13-53846-swr

Doc 1945

Filed 12/05/13

62 Entered 12/05/13 14:11:05

Page 69 of 150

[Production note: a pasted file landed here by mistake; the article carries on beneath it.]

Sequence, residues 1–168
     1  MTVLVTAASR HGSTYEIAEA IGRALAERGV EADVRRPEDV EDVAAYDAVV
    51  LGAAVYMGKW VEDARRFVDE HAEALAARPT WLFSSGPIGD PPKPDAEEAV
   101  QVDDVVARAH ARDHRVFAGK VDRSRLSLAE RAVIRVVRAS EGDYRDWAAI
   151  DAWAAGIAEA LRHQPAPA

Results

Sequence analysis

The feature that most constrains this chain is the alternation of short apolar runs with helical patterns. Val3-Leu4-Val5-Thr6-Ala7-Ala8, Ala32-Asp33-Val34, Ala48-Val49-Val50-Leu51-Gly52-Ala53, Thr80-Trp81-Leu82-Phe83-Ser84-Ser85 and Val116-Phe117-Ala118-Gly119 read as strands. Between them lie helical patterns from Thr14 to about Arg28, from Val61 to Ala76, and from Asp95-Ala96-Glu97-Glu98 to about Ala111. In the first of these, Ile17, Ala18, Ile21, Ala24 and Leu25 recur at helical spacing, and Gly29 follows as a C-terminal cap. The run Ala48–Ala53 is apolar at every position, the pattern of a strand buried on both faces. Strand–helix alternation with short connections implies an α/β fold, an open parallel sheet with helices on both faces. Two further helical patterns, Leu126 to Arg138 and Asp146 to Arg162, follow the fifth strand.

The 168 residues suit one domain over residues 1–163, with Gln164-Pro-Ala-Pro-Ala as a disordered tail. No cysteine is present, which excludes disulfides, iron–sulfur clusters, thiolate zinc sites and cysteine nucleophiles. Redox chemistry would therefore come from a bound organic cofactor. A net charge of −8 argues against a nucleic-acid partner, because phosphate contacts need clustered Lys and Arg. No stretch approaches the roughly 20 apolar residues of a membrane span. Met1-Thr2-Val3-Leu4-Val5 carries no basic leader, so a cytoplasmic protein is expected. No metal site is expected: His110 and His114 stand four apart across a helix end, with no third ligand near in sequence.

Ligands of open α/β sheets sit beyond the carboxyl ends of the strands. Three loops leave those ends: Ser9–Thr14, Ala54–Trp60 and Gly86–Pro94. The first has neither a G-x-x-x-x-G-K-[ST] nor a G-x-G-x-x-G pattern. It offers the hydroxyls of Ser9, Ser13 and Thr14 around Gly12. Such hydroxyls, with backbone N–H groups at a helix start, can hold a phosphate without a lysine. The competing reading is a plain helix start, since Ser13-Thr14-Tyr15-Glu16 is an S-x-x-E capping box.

This argument fails on two levels. First, other than in one limited instance, Faitoute Iron & Steel Co. v. City of Asbury Park, N.J., 316 U.S. 502, 62 S. Ct. 1129 (1942), courts have always interpreted the Contracts Clause of the United States Constitution to prohibit the states from enacting legislation providing for municipal bankruptcies. The 1946 amendment that added the provision that is now § 903 did not change this law. Second, neither New York nor Printz undermine Bekins. As developed above, at its core, Bekins rests on state consent. As will be developed below, like Bekins, both New York and Printz are also built on the concept of state consent. Indeed, it was the lack of state consent to the federal programs in those cases that caused the Supreme Court to find them unconstitutional. a. The Contracts Clause of the United States Constitution Prohibits States from Enacting Municipal Bankruptcy Laws. The Contracts Clause of the United States Constitution, Article I, Section 10, states, “No State shall . . . pass any . . . Law impairing the Obligation of Contracts[.]” Applying this clause, the Supreme Court has stated, “When a State itself enters into a contract, it cannot simply walk away from its financial obligations.” Energy Reserves Grp., Inc. v. Kansas Power & Light Co., 459 U.S. 400, 412 n.14, 103 S. Ct. 697 (1983). “It long has been established that the Contracts Clause limits the power of the States to modify their own contracts as well as to regulate those between private parties.” U.S. Trust Co. of New York v. New Jersey, 431 U.S. 1, 17, 97 S. Ct. 1505 (1977) (citing Dartmough College v. Woodward, 4 L. Ed. 629 (1819); Fletcher v. Peck, 3 L. Ed. 162 (1810)). Section 903 simply restates this principle. Moreover, contrary to AFSCME’s assertion, it is clear that Bekins fully considered this issue. It found, “The natural and reasonable remedy through [bankruptcy] was not available under state law by reason of the restriction imposed by the Federal Constitution upon the impairment of contracts by state legislation.” Bekins, 304 U.S. at 54. 63 Entered 12/05/13 14:11:05